From a private Los Angeles Collection comes almost half a dozen works by Guy Carleton Wiggins, whose wintry New York scenes define his career. Lot 64, “City Hall Park” (estimate: $80,000-120,000) depicts New York’s City Hall and its surrounding streets and buildings in Wiggins’ quintessential fashion. A snowy winter’s afternoon creates a gray sky as trees, grass, and concrete become covered in the blizzard’s fall. Lots 65, “The Library in Winter” (estimate: $30,000-50,000) and 66, “At the Library New York” (estimate: $80,000-120,000) both depict the New York Public Library during a blizzard. The son of an accomplished landscape painter, Impressionist Wiggins studied first with his father, Carleton Wiggins, and later at the National Academy of Design under the tutelage of famed American painters Robert Henri and William Merritt Chase.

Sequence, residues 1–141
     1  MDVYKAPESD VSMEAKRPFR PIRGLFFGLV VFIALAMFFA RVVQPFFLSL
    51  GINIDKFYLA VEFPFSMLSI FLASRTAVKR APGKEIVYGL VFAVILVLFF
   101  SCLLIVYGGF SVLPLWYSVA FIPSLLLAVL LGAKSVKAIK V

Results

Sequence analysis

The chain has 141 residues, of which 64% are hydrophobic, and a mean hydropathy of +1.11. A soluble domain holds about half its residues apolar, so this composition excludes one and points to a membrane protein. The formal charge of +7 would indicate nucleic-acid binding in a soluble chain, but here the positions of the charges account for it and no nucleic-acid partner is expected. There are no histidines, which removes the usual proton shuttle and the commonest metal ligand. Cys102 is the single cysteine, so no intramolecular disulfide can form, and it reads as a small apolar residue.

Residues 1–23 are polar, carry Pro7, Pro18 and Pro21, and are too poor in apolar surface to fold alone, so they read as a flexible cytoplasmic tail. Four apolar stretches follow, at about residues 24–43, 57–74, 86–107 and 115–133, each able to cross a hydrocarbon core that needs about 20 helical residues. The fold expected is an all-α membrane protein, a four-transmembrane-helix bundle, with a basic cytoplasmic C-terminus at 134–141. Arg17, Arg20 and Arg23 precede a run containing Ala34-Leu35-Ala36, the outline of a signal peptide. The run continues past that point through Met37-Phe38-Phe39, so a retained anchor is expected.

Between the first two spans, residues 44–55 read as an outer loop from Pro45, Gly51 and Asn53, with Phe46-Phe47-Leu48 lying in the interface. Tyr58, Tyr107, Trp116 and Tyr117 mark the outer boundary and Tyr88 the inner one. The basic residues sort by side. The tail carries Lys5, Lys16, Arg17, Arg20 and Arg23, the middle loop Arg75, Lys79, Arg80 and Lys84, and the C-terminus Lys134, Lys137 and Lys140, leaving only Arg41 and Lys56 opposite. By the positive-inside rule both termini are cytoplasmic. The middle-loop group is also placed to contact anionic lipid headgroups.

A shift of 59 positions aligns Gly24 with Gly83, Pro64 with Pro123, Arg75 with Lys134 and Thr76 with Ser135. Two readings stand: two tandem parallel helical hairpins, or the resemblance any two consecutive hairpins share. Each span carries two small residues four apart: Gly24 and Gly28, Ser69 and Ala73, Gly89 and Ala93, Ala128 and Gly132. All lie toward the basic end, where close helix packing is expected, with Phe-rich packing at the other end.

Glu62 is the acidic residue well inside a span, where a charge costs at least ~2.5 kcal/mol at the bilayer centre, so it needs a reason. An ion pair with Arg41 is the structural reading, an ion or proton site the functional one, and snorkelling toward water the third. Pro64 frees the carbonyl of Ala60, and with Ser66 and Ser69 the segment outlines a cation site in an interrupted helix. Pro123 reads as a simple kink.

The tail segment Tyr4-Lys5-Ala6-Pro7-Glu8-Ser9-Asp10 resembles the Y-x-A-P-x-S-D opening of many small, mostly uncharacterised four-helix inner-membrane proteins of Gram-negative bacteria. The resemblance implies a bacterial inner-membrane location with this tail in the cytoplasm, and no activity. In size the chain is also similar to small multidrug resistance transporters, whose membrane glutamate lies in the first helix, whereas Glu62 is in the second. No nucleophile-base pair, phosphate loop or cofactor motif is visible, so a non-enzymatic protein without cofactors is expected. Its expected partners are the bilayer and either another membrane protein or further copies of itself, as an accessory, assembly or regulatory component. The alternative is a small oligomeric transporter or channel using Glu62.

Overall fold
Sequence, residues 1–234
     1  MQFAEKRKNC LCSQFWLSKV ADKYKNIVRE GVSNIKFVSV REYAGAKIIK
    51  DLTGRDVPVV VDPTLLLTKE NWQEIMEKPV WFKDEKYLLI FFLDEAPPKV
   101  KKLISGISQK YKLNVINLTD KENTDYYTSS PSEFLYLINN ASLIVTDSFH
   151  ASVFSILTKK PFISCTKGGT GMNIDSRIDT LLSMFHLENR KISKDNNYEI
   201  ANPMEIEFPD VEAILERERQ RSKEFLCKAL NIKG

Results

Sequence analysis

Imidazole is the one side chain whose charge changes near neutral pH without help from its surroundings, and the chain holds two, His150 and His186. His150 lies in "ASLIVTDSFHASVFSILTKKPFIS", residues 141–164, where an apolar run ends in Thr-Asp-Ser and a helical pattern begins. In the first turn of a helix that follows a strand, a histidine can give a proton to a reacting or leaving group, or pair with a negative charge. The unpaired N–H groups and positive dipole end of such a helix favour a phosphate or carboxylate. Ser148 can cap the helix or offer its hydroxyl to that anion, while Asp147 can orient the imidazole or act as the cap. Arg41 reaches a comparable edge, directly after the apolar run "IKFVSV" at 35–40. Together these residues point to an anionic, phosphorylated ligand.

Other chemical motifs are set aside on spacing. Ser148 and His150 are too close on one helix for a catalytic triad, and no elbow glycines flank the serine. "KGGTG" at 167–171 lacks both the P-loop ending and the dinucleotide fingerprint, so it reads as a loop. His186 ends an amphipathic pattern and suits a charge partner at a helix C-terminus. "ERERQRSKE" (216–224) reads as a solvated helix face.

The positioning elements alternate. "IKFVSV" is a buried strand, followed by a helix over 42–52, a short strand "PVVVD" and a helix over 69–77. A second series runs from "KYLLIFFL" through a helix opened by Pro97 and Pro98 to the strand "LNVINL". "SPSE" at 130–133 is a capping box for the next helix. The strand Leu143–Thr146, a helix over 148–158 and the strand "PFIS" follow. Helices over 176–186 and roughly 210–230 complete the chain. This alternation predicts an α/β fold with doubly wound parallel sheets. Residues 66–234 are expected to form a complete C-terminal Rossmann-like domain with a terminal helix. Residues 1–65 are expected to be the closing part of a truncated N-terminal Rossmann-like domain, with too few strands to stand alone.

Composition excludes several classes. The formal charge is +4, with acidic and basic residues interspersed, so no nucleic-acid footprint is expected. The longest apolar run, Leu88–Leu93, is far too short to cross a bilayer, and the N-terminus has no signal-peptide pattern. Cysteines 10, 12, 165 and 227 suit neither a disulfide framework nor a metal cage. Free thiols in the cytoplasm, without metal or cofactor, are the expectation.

From the Collection of Richard Mellon Scaife, Lot 17, “Waverly Newton, Long Island,” (estimate: $50,000-80,000) by Jasper Francis Cropsey, captures a glowing sailboat on the water, while in the background of the composition is “Waverly,” the family home of a friend of the artist. Lot 21, “Autumn Landscape” by German-born Albert Bierstadt (1830-1902), exhibits the artist’s attraction to the fall season and autumnal colors. Lot 29, “Siasconset Beach (Nantucket Island)” by George Inness (estimate: $20,000-30,000), is representative of the artist’s transitional phase, inspired by his contemporaries’ recent trip to Paris.